So, I got back into town with every intention of getting back into the groove, and found that every night was booked with something, which then took me to an unexpected family situation, which took me out of town, which now brings me to tonight.  I haven't been home one evening since I got back from Dallas nine days ago.

Waa, waa, waa...

I know.  I'll stop.

So... now you know and now on to why we're really here; FOOD!  This is actually a great post in honor of Dallas.  I didn't have any jalapeño poppers there, but it's definitely a southwest kind of thing and screams for a pair of cowboy boots and two-steppin'.  Texas is written all over these things.

I have named these after my sweet, sweet grandfather, Popie.  He loves spice, and he loves bacon, and, well, I love him more than life, so that's a good reason, right?  I made these for him a couple of Christmases ago, and he actually asked for more when I visited home the next time.  He never asks for anything, because he never wants to put anyone out.  So I knew he really liked them, and now I try not to go back north without taking a few I've put together and frozen for him to pull out as needed.

I've taken a couple of pictures to show you how to seed the jalapeños.  It's really easy to push the end of the spoon straight into the rib of the pepper and lift up as you can see below:

Beware that working with these things can be slightly uncomfortable.  Make sure to not rub eyes (or nose, or anything else for that matter) after getting the potent oil on your fingers.  It has been suggested to wear gloves, but I don't.  Just take precaution, and you should be fine.

Thank you, dear readers, for your patience.  I would love to say a hiatus won't happen again, but one never knows.  In the meantime, stay tuned regularly for some of my favorites.  Fall has begun, and in the Green household, that means the kitchen goes into overdrive.

Wanna go for a ride?!?

Popie's Jalapeño Poppersmakes 20 
  • 10 jalapeños, halved, seeds and ribs removed 
  • 1 package (8 oz.) cream cheese, softened
  • 1/2 cup sharp shredded cheddar cheese 
  • 1/2 tsp. chili powder
  • 1/2 tsp. garlic powder
  • 1/4 tsp. ground cumin
  • 10 slices bacon, halved
  • favorite BBQ sauce
  • toothpicks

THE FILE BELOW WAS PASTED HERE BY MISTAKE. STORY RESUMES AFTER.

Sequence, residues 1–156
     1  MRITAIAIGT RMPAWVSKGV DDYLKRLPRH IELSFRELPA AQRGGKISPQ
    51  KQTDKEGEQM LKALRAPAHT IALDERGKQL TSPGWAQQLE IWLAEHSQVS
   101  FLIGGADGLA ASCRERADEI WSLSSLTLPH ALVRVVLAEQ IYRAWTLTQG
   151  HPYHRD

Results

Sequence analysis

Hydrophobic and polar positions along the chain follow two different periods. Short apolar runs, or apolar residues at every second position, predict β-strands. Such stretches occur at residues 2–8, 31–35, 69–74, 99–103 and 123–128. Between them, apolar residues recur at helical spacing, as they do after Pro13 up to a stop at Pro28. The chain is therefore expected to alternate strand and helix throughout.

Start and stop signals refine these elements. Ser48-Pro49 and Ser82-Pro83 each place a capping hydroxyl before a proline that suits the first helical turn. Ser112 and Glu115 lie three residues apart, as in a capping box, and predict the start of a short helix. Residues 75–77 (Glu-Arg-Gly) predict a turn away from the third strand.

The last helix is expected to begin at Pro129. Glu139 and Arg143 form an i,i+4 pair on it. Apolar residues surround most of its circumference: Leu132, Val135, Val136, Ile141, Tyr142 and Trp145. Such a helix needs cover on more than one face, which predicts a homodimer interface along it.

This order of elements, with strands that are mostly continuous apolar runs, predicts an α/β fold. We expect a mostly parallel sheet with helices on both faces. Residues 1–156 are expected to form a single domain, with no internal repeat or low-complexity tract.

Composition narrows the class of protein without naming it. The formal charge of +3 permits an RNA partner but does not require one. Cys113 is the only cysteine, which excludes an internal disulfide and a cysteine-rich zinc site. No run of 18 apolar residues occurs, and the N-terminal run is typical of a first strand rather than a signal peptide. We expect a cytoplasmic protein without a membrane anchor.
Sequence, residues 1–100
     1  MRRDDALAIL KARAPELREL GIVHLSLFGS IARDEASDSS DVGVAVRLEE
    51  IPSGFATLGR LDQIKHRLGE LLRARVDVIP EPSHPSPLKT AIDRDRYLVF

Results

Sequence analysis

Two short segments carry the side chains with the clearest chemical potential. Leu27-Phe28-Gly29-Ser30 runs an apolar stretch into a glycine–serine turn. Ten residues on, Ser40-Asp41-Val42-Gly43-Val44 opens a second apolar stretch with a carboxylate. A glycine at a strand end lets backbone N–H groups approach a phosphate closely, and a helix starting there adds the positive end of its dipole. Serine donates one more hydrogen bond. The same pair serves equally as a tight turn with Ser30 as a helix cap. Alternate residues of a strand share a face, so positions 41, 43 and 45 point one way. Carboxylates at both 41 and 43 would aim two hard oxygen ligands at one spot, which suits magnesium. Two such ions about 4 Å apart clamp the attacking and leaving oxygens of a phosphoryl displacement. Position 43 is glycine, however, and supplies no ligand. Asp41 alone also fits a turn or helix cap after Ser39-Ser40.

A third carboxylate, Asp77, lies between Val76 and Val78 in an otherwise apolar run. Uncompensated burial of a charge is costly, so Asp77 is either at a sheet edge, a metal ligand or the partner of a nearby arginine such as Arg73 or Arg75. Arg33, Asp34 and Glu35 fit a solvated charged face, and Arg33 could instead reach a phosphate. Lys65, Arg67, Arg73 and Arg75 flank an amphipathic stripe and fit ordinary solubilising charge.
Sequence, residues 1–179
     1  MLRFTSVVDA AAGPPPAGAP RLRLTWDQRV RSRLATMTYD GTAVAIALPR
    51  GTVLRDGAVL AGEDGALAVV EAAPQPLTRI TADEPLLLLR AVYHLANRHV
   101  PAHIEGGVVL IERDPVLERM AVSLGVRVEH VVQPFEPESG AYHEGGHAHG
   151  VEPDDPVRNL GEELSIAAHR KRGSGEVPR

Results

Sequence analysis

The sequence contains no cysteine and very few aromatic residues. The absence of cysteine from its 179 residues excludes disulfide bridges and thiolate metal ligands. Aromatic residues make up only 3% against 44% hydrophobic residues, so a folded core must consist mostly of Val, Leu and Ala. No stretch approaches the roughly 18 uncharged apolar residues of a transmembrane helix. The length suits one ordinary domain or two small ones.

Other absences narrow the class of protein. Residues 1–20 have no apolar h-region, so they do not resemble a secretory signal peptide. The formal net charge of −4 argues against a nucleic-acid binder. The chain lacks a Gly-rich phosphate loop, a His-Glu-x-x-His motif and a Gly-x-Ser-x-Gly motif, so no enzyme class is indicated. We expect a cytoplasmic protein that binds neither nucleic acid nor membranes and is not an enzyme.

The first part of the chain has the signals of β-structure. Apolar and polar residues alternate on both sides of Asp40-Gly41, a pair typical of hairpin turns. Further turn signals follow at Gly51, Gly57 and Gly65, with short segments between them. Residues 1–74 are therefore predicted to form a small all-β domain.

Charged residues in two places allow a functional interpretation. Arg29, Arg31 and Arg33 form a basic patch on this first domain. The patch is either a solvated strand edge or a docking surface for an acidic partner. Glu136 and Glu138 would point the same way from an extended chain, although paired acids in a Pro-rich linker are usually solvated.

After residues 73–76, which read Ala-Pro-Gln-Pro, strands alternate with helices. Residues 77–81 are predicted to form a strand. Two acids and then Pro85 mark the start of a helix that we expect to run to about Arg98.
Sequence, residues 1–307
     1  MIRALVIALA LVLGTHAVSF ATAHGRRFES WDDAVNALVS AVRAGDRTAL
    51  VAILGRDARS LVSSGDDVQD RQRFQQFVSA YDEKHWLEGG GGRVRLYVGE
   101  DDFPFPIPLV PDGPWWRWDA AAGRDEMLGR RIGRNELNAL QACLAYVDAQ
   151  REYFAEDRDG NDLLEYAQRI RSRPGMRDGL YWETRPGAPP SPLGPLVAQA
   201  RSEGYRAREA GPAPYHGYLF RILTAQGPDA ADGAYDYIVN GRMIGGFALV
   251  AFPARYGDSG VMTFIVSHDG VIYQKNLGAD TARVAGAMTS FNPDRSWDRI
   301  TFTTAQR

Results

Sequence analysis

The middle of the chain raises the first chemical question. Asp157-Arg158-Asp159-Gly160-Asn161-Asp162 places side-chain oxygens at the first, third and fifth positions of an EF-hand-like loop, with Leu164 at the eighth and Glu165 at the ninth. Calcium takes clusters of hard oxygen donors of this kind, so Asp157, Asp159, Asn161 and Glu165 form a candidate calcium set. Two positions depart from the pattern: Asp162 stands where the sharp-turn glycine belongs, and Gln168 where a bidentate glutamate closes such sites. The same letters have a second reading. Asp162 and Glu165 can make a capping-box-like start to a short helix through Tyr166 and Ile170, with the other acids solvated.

~ Pre-heat oven to 300 degrees.
~ Halve jalapeños, trying to keep stems intact (they're so pretty, if you can).
~ Remove seeds and ribs, as shown above.
~ Mix together cheeses and seasonings, and fill the peppers with cream cheese filling.  
    (think "spackling")
~ Wrap one-half piece of bacon around each filled pepper and secure with toothpick.
~ Brush wrapped peppers with sauce.
~ Place peppers on baking sheet in oven and cook until bacon is cooked and cheese is

Tips and Tricks
  • This is a GREAT way to use up extra pimento cheese.  I just add the seasonings and fill as usual.

  • Line your baking sheet with foil.  The filling really oozes, which is wonderful, but messy and tough to clean.

  • As mentioned, I sometimes will freeze these once assembled.  Remove from freezer and cook at lower temp, about 225 degrees, to slowly heat up.  Then turn up heat to crisp up bacon.  I slowly heat so that the cheese doesn't cook too quickly before the bacon and pepper.

  • Take these to your next football party and be a total rock star!

Recipe adapted from The Pioneer Woman Cooks.

Tuesday, September 4, 2012

love people; cook them tasty old-fashioned cobbler

By now, you probably know that anything with the words, "old-fashioned," is going to grab my attention.  I really love old things - houses, furniture, clothes, recipes, people... :)

I grew up watching "Little House on the Prairie" every week.  Our family night consisted of getting to eat in the living room on the "pad," (a red and white checked oil cloth) and watching the show.  It's still my absolute favorite.  Laura Ingalls was a girl after my own heart, and I still, to this day, want to be like Ma...  And what about Pa?  Does it get any better?  A wonderful blend of kindness and steel, he was.